Experts say North Carolina will be on the vanguard of emerging technologies in the insurance and financial products sector if a bill that has passed both chambers of the General Assembly becomes law.
House Bill 624 got the OK from the N.C. House on Wednesday, June 16, in a 103-2 vote. The bill would establish a “regulatory sandbox” — similar to one created in Arizona in 2018 — that would waive certain regulatory obstacles for a trial period for fast-emerging products and services.
“Knowing that North Carolina and the leaders of our General Assembly recognize the power of innovation, the importance of being business-friendly and nimble, and the relevance of having an Innovation Sandbox approach makes me feel very bullish for the future of the Old North State,” said Tariq Bokhari, founder of the Carolina Fintech Hub and a member of the Charlotte City Council. “From this point forward, innovation will be a part of everyone’s job.”
H.B. 624 is similar to another version — Senate Bill 470 — passed by the Senate on June 14 in a unanimous 47-0 vote.
Differences between the two bills must now be ironed out in a conference committee before a final version is sent to Gov. Roy Cooper for his signature.
Both bills would create a new Innovation Council to market the program and seek and review applications. The council would evaluate applications based on level of innovation, potential consumer risks, the level of consumer protections and complaint resolutions in place, and level of business plan and capital. It would then make recommendations and pass them along to the state agencies ultimately responsible for the final decision.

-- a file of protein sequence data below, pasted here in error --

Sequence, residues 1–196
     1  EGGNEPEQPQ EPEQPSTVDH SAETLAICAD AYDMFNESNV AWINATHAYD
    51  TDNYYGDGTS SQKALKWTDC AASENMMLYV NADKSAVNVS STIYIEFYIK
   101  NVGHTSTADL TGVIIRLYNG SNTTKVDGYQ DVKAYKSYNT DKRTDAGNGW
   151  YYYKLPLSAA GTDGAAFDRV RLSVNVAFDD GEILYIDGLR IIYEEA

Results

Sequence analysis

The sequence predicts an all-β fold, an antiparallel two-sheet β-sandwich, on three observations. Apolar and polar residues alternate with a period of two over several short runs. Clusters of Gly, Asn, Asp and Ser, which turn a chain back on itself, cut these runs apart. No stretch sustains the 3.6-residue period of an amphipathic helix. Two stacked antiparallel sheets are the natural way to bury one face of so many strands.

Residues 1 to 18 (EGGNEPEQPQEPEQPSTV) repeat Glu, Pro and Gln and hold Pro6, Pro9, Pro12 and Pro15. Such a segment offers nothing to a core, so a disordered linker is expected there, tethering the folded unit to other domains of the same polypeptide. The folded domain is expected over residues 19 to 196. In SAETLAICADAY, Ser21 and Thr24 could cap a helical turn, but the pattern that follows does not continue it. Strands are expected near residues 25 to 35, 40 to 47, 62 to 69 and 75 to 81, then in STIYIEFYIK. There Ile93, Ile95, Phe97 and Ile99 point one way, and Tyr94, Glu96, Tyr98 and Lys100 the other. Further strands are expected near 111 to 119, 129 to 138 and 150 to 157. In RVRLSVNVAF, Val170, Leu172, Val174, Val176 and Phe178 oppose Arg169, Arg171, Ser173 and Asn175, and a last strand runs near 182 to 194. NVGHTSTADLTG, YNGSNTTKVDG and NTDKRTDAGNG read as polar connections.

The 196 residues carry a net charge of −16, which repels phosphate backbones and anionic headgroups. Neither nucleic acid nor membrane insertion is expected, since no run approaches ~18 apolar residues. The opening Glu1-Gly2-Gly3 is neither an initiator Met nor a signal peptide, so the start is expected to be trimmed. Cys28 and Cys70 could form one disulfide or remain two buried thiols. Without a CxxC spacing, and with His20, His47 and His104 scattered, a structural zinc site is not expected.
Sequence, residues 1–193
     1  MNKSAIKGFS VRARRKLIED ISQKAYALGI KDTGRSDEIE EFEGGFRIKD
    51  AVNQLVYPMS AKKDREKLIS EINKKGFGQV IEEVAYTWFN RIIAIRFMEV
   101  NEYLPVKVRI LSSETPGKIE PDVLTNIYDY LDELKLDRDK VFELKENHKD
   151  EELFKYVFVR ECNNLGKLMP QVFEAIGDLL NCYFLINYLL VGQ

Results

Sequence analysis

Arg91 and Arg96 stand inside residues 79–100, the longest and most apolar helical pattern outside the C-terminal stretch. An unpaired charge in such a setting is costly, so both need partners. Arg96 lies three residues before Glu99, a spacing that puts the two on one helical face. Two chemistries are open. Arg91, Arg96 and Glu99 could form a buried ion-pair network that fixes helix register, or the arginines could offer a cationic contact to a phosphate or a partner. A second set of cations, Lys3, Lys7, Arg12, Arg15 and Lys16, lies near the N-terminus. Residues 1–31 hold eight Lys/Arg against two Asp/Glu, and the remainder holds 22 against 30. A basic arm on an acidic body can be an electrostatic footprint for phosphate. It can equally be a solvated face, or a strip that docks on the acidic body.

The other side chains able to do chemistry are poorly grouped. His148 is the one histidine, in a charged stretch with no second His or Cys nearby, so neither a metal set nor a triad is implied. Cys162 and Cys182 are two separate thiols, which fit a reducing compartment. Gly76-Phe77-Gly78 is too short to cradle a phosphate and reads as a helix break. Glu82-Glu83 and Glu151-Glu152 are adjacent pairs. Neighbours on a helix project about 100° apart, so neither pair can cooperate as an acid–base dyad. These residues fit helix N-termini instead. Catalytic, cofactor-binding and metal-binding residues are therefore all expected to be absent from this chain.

“We believe that this is an incredibly forward-looking piece of legislation that recognizes the coming growth in the fintech industry,” said Jordan Roberts, government affairs associate for the John Locke Foundation. “It also recognizes that often government regulation moves slower than the innovation in the private sector.”
Civitas Action graded S.B. 470 a “yes” vote in a recent press release.
“The technology, banking, and insurance sectors illustrate how quickly government regulations can fall behind the fast-paced speed of innovation. A Regulatory Sandbox would allow companies the breadth to create new technologies without fear of running afoul of state regulations. From there, state legislators could make informed decisions about the need for regulation, when applicable.”
“The world is rapidly changing all around us,” Bokhari said. “Technology is disrupting the business models that have fueled the last century of growth across the globe. Being able to innovate at a greater pace than everyone else will be the great measuring stick over the next century, and the tough truth is there will have to be winners and losers.”